Obama's Oil Spill Insanity

The president may say he’s “furious” about the spill, but he sure doesn’t show it—and he’s managed to hang out with Paul McCartney and Kelly Clarkson in the meantime. Would the media have let Bush off so easy?

06.07.10 11:24 PM ET

I want, just for a second, to pretend that there is a Republican president in office right now. It doesn’t matter which Republican—George W. Bush, my father, Mitt Romney. Any Republican.

As we push Day 50 of this oil spill, I find myself questioning why it has taken so long for the mainstream media, aside from James Carville and Chris Matthews, to start putting extreme pressure on the president. I wonder whether the media, or the American public, for that matter, would be reacting to this oil disaster differently if a Republican were in office right now.

What I need right now is more intense leadership from my president. And I need more emotion.

Why are we still giving President Obama and his administration a break? How would the media feel if President Bush were hosting his second “music party” at the White House? Hanging out with the likes of Paul McCartney and Kelly Clarkson and singing “Hey Jude” while oil continues to destroy the Gulf Coast?

Although the president canceled a previously scheduled trip to Indonesia, he has held two—yes, two—music parties at the White House in the last week. What would the reaction be if Bush had held two music parties during a time of national disaster? I ask because these things bother me, and I believe that it would be a bigger deal if Obama still weren’t held to a different standard by the mainstream media than other presidents.

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I know Obama has made it clear that he is “furious.” He did so by stating on Larry King Live that he is “furious,” even if that fury doesn’t seem to be conveyed through his raw emotions. Still, I also know I wake up every morning with anxiety. As I and every other American watch the coasts of Florida, Mississippi, Louisiana, and Alabama, as a deep cloud of oil continues to spew into the ocean, there is an extreme feeling of helplessness and anxiety. We live in weird times—I can watch, moment by moment, the destruction of my country’s coastline.

I grew up vacationing in Destin, Florida, and to hear that the oil has now reached that area is heartbreaking. Anyone who has been to Destin knows how spectacular its white beaches are and how tragic the idea of them covered in oil is. I am scared, I am upset, and I am angry that the media and the American public aren’t putting more pressure on the president. Yes, it is just as much BP’s problem, and the company should be held equally accountable. I also don’t begin to understand the extreme bureaucracy involved with a British oil company in the context of this oil leak. But what I need right now is more intense leadership from my president. And I need more emotion. Maybe these are things he is incapable of doing or his administration doesn’t think is a smart idea. I no longer care.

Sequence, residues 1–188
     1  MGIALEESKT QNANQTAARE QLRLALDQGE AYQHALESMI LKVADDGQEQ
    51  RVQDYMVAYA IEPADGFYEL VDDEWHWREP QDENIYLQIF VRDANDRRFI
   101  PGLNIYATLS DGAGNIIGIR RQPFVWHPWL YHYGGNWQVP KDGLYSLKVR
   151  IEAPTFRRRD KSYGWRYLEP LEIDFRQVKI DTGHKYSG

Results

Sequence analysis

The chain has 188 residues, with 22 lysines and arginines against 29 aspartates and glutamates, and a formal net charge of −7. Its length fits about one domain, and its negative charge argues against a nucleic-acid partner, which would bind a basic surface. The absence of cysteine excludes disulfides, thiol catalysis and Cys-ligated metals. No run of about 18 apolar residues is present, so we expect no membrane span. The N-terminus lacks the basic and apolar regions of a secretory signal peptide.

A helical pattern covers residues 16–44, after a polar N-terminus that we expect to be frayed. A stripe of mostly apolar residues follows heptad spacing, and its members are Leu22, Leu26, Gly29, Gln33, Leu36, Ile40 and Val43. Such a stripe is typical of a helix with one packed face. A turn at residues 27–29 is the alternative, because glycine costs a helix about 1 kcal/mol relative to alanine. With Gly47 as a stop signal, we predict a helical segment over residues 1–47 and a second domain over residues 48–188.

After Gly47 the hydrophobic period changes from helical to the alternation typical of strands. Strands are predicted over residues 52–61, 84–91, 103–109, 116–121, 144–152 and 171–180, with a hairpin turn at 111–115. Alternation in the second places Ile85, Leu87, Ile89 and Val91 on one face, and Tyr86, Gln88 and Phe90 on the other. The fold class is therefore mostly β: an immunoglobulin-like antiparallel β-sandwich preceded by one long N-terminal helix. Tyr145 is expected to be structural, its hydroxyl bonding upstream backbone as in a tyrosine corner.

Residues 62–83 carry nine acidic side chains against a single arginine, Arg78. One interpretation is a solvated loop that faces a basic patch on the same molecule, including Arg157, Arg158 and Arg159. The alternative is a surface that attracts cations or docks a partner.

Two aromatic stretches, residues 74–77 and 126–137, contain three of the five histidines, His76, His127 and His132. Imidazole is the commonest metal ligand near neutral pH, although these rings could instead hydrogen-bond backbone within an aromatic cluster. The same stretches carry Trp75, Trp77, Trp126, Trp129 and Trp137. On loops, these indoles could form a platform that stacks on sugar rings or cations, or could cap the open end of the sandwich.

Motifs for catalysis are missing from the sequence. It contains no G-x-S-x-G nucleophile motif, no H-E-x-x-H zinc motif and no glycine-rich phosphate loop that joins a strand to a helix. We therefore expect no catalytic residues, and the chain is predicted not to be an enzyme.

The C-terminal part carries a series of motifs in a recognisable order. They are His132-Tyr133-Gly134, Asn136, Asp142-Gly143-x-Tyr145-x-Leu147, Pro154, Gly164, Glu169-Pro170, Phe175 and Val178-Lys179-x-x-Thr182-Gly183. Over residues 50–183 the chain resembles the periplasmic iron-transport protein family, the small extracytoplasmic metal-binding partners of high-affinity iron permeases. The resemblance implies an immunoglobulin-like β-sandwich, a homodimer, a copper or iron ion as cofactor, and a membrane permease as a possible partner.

This past week, we were told that it could take as long as August for the oil leak to be plugged, and we are only seeing the beginning of the damage the spill is going to cause. Some say we will be experiencing the repercussions of this spill anywhere from years to decades—or, in essence, my adult lifetime. And in the meantime we are being told we should expect to wait up to 90 days for this oil leak to be stopped. Every morning for the rest of the summer, we could wake up and continue to watch on live television what the breakdown of an oil well looks like. Some generations have watched revolutions and wars televised; mine, it seems, is going to watch the environment destroyed.

The idea of waiting until August for this leak to be stopped is infuriating. I do believe Obama is working as hard as possible, but his problem is that he is not conveying this to the American public. I want him to show me how angry he is. Because at this point, it seems as if his trips to Louisiana are things he is doing in between hanging out with rock stars.

Meghan McCain is a columnist for The Daily Beast. Originally from Phoenix, she graduated from Columbia University in 2007. She is a New York Times bestselling children's author, previously wrote for Newsweek magazine, and created the Web site Her new book, Dirty Sexy, Politics, will be published in August.